One of my readers commented on Palladio’s Escape Cottage the other day and mentioned another similar house called Quietude. The name was unfamiliar to me so I followed the link and found this wonderful small house designed by Henry Yorke Mann. It was built on a low budget but you’d never suspect it except for its small size. The house is 300 square feet plus a 100 square foot basement. The craftmanship, by builder Ken Silbernagel, is incredible and the space looks ideal for living a simple life.

As you can see from the floor plan the kitchen, bath, and dining area surround the main living area. The bed had been originally located in what is now the dining area but was asked to be moved by the homeowner to a small loft over the entry.

Be sure to read the full description of the Quietude on the architect’s website. Photo credit to Stuart Bish.

16 thoughts on “Quietude

  1. David Kurimski says:

    WOW. What a nice job on this tiny house.

    My wife wants a house like this for our retirement home.

    David & Kim K Johnson City, Tx, USA

  2. Carey Huffman says:

    Is there any kind of calculator that someone has created to quantify the savings of a tiny or small home over a typical sized home? I know the variables from home to home and region to region would be enormous, but I was trying to factor out the actual cost savings and didn’t want to replicate the wheel if I didn’t have to?

  3. Damon Talbert says:

    O… I was going to comment on the word Quietude. I went off in a different direction. The word quietude made me think. I go up to my land to clear trees and brush where my driveway goes and it is so peaceful there. Far from the constant noise that I thought I had got use too to where I live now. It is so quiet I find myself wanting to go out there even if I don’t get any work done. I sometimes just go there for the peace and quite now.

  4. Damon Talbert says:

    If you are talking about predicting how much you can save over building a convention home I think you are out of luck. I guess all you could do is realize, less material, less labor equals lower total cost. I don’t think one can just figure the typical house in the area cost x a square foot and yours should be x based on that same cost per square foot. Too many things that will cost the same too no mater what size of home you build. And even then some people may find better prices on materials or labor than the next guy, or even the guy across the street. But when you build on a small scale you have the ability to do more of the work yourself, and that saves money. I guess one could still take the average cost per square foot in the area as a guide. In my area I have seen a few builders claiming to build a home for $65.00 a sq ft. So on my small house I am shooting for under $35.00 a sq ft doing almost all of the work myself. I have gone to extremes to try and pull that off. Been collecting materials as I find them and better than sale prices. Most of the plans I draw for my small house have been from 300 to 400 sq ft. I did figure if the mobile home industry can build a home for under $35.00 a sq ft I should be able to build for less. I don’t have the cost of utilities, septic or things other than the house in those figures. The plan I will build first is 309 sq ft and a budgeted cost or should I say goal of under 12 grand. I guess you could say you just can’t tell how much till the last bill is paid.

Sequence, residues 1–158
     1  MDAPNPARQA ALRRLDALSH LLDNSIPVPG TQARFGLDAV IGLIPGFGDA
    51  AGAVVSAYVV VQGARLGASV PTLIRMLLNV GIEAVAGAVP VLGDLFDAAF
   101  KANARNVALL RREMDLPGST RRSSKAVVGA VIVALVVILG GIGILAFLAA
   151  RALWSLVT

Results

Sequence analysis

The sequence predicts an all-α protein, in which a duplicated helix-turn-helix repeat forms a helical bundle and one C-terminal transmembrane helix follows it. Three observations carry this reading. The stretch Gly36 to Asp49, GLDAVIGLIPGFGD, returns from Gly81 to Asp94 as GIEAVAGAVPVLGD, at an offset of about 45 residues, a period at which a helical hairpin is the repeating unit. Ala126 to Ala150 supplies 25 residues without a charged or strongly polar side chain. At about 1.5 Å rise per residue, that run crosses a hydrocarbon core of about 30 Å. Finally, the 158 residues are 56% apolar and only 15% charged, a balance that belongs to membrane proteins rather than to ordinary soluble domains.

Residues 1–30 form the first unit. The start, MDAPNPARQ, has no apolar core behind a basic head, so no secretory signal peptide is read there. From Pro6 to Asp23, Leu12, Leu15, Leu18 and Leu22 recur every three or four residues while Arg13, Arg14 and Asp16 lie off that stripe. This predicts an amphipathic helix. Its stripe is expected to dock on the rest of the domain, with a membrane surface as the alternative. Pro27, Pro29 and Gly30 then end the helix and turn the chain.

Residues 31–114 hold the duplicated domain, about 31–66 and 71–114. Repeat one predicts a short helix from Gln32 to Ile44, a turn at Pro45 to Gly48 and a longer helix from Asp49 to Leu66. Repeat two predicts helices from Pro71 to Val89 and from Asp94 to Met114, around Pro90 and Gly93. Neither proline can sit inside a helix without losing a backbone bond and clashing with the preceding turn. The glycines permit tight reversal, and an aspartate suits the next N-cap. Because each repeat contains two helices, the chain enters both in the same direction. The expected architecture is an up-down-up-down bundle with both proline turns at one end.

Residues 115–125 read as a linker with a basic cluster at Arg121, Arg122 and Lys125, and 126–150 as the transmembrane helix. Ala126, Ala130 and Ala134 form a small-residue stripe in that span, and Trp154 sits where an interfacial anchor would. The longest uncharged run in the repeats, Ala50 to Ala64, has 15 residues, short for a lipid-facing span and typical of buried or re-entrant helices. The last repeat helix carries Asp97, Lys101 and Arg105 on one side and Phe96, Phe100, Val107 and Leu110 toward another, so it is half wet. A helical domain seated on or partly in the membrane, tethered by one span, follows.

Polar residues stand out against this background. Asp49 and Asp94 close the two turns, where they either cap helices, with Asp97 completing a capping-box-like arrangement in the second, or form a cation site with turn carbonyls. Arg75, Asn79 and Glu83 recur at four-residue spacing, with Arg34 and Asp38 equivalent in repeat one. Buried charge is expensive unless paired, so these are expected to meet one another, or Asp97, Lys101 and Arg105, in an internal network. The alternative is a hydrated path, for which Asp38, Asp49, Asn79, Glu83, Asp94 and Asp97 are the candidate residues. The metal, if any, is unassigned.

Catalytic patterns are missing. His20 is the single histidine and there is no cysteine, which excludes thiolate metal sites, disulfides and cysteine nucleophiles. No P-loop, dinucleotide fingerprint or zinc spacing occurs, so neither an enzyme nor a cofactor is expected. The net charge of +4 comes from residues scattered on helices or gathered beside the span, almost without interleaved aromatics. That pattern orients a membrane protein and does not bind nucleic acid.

• Keith G says:

      Damon, Obviously if you’re doing all the work yourself you’ll save a lot of money. It’s just that the expensive things to do in a house usually are the things that not many people know how to do very well – electrical, plumbing, lighting, ventilation. And your statement, “if the mobile home industry can build a home for under $35.00 a sq ft…” has to be reconsidered too. At this size level we’re really talking about Park Model RVs rather than “mobile homes” (a term not used any longer), and in that arena you’re not going to find one for much under $62.50 per sq ft. For the better ones, you can go twice that. And still, this doesn’t include land.

      Maybe everyone has the dream to be totally off-grid and out in the desert somewhere where no one can tell you what you can and cannot build, but for most of us in most parts of the country where people are living, that is not the case. The great thing about Park Models is that they come already compliant. They are built to strict codes. Self-builts and other off-grid cabins or sheds converted to living spaces would likely not pass code. It’s a real issue that people need to be aware of before venturing off into something that is going to cost as much as a home can cost.

  5. Clinton says:

    Is the basement accessible from inside the house? I don’t see any provisions for staircase/ladder going down. Looks like it’s only accessible from the outside.

  6. alice says:

    WOW! Check out the guy’s website for some amazing buildings and other constructions! I’ve seen the Eagle Tower in Brackendale, didn’t realize this was the same architect. I’d like to visit some of his other creations, some are close to where I live.

  7. Deek says:

    Lovin’ it- esp. the natural/siding look and the metal roof….nice gardens too. The overall look is very comforting/cozy…

    Episode’s 1 AND 2 are now up for “Tiny Yellow House” TV on youtube

  8. john says:

    Still the nicest/coolest/clever tiny house i’ve ever seen. And i’ve seen many….i don’t recall the first time i saw this, but it’s been a few years. Thanks for posting it.

  9. Nancy Grigsby says:

    RE Quietude:
    How can I get this wonderful house? It’s just what we’re looking for and we have the perfect spot for it.
    Please advise. Thanks.

  10. elise scheurer says:


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